Sunday, March 27, 2011

A Dead Skunk in the Middle of the Road

I'm still wondering what is supposed to be "liberal," let alone "left," about NPR's news programming. When an article entitled "What the right means when it calls NPR 'liberal,'" by Bill Moyers and Michael Winship, appeared at last Friday, I hoped against hope that it would tell me something.

But of course it didn't. The piece was a shameless exercise in distraction, and blatantly dishonest in various ways.
For one, when we described the right-wing media machine as NPR’s "long-time nemesis," it was not to suggest that somehow public radio is its left-wing opposite. When it comes to covering and analyzing the news, the reverse of right isn't left; it's independent reporting that toes neither party nor ideological line. We’ve heard no NPR reporter -- not a one -- advocating on the air for more government spending (or less), for the right of abortion (or against it), for or against gay marriage, or for or against either political party, especially compared to what we hear from Fox News and talk radio on all of these issues and more.
Now, I don't listen to NPR News these days any more than I can help; their coverage in the wake of the September 11 attacks was the final straw for me. But I know from experience that what Moyers and Winship wrote here wasn't true in the past, and thanks to FAIR and other media watchers I know it isn't true now.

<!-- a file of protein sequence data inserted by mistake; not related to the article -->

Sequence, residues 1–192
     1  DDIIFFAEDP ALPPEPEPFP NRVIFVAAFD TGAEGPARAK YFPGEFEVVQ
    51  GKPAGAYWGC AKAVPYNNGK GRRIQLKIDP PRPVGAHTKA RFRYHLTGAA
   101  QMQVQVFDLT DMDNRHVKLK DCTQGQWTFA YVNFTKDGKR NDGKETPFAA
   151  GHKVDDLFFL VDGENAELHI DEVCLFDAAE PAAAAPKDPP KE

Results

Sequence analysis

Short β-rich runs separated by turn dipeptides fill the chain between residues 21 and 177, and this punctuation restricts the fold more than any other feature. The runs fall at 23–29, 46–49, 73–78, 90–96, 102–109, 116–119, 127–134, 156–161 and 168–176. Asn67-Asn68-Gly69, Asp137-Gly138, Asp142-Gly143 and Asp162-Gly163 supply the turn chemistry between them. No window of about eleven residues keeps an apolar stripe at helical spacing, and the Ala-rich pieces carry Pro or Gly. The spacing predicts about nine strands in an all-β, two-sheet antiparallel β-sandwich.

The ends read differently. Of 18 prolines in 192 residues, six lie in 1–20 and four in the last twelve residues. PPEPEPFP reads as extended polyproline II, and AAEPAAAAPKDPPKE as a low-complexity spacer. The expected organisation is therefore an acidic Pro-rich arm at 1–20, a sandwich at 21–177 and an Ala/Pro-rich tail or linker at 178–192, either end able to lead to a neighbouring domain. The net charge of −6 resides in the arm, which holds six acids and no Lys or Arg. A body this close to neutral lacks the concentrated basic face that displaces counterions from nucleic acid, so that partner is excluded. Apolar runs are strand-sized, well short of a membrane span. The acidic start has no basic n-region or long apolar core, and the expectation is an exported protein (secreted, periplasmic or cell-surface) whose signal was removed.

NPR has long been a booster of nuclear power, for example, loading its programs with advocates and claiming that "environmentalists" have come around to support it. The year 2007 "saw an accident at the largest power plant in the world—in Japan (NPR's All Things Considered, 7/19/07)—which was the subject of three additional NPR stories--yet, even in this coverage, no experts critical of nuclear power were cited." NPR also downplays "its own financial links to the industry," claiming "that the corporate "underwriting" money it receives has no bearing on its coverage--a defense that would seem to undercut the rationale for NPR's existence as a noncommercial broadcaster.)"

NPR and PBS are both very Wall-Street friendly. For example, in 2010 NPR trumpeted Goldman Sachs' doubled earnings in the first quarter, "
a bit of good news, a very large bit of good news, because four days ago the Securities and Exchange Commission sued Goldman Sachs for fraud." On PBS's Charlie Rose, Newsweek's Evan Thomas "went so far as to compare proceedings against them to 'a Stalinist show trial'".

In 2008,
While the Iraqi government continued its large-scale military assault in Basra, the NPR reporter’s voice from Iraq was unequivocal on the morning of March 27: "There is no doubt that this operation needed to happen."